Time takes time. Everything has its perfect intended timing..... despite appearances. Despite what we might want....despite what we may think.

For me those years were the years I worked a set of new muscles as I tried to emerge into, what I came to realize, was a new world.

I called this morning’s talk 525,600 minutes because it is in minutes that a year unfolds.

And Time does take time.

In any year there will be times of plenty and times of lack.
The tide comes in and the tide goes out. These are the cycles that happen in our lives.

Each one of us will have, or already have had, our lives turned upside down-maybe not this year, but some year. Something will shake the very foundations of our life at some point.

It’s at times like these that we need to know where our strength comes from.
Let’s take a minute here to ask ourselves: What gives me strength?
What lifts me up? What gives me the power to go on when I don't think I can?

It’s important to make the distinction between where we find our strength and comfort, rather than merely seeking out the easier, softer way. As with the butterfly, our strength must be born of our struggle.

If we allow it, all events can teach us something; strengthen us; they can help to make us MORE than we were before. Notice I said the word “allow”-because it is always up to us. And it can be hard work. But the shortcuts we may be tempted to take will not allow us to strengthen our wings. Some things cannot be rushed.

The painful year I experienced was the beginning of a Spiritual awakening-a re-connecting to the Spirit within me, and nothing has been the same for me since.

Marcel Proust said, “the real voyage of discovery consists not in seeking new landscapes, but in having new eyes.”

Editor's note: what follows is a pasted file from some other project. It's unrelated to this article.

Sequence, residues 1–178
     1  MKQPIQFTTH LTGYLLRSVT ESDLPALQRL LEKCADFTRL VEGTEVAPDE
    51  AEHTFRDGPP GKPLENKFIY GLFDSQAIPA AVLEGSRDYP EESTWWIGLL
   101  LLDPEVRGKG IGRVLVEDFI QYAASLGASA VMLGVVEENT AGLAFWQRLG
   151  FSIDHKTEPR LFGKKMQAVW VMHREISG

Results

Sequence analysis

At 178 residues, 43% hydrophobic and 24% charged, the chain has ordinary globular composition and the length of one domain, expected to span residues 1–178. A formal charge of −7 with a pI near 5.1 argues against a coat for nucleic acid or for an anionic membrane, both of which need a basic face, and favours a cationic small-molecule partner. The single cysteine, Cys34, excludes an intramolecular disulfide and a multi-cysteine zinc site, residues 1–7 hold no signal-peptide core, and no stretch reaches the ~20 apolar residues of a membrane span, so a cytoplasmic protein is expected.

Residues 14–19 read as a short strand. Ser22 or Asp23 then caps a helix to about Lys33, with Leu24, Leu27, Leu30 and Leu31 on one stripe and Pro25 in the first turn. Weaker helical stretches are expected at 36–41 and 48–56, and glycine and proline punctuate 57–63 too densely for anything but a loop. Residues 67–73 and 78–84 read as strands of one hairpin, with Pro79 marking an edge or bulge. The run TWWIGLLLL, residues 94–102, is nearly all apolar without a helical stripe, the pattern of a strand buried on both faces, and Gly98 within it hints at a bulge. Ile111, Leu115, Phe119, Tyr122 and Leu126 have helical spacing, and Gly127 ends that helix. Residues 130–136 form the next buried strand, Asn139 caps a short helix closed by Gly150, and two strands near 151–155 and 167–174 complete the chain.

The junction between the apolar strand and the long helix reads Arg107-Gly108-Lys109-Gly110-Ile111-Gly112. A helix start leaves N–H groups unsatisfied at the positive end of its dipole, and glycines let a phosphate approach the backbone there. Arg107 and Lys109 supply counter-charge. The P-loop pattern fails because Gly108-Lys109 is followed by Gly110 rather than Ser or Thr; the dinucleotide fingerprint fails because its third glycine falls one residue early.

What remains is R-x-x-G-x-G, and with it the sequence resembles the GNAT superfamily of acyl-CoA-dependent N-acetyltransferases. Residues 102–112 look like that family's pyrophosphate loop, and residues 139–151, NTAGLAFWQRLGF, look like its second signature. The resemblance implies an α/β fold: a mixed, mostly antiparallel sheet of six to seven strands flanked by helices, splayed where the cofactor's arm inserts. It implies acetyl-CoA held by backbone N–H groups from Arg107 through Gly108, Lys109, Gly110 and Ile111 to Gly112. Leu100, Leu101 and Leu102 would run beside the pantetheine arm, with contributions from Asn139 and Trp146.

There is a reservoir of strength within each of us that is greater than we ever imagined. I know because I've experienced it, and I've seen it in others.

As I stand here this morning I have no idea what the new year may bring, But I do know what I can hope for: More compassion in the world.
Greater kindness.
A raising of consciousness in all beings.
The end of Fear.

Gandhi said that we must become the change we wish to see in the world. Wise man that Gandhi. He told a great truth.

If I want a more compassionate world, I must not only become more compassionate, I must become compassion itself.
For greater kindness to be in the world, I must strive to be kind-to become kindness itself.
In order for there to be peace, I need to become the peace I seek.
If consciousness is to be raised, I must continue to open my mind again and again and again. And when my mind slams shut due to fear or anger, or any number of reasons, I must use all my strength to push it back open again.
If there is to be justice, I must live a just life.
If there is to be an end to fear, I must know that there is really nothing to fear.

Jimi Hendrix said, “It’s only when the power of love replaces the love of power that we will have peace.”

I believe that with the power of love, all those things I just recited to you will become a reality.

A year is waiting to be born. Its time has arrived and We -each one of us-is an absolutely integral part of the birthing of this year. And more importantly, what is to grow FROM this year, for we are birthing our future.

It is hard to see where all the minutes will lead. Often we will not see what has been set in motion until the New Year is many years behind us.

And maybe-just maybe- that year that we thought was just thee most awful year imaginable, was in fact the turning point-the place where things began to change and lead in a new direction.

Life is made up of moments, but it is only in years that we can begin to see the whole picture. In times of strain and struggle remember the butterfly.

It is often through adversity that we are introduced to the best parts of our self.

It’s my hope that, when viewed from some New Year ‘Years Eve in the future, these past years that have been filled with so much struggle, violence and war, will be seen as the turning point-the thing that finally got people’s attention- when enough of us finally said “Enough!!!” And humanity actually began to wake up to its true potential and the realization that we are all One-that what we do to anyone of us we do to all of us. Only time will tell. But I am hopeful.

I wish all of you much joy & happiness in the coming year. And I wish you strength, resolve and courage, because life will challenge you and test you. It may even break your heart at times.
But I know that sometimes the greatest gifts can grow out of pain, struggle and heartache. And then finally our wings will have all the strength needed to carry us wherever we wish to go.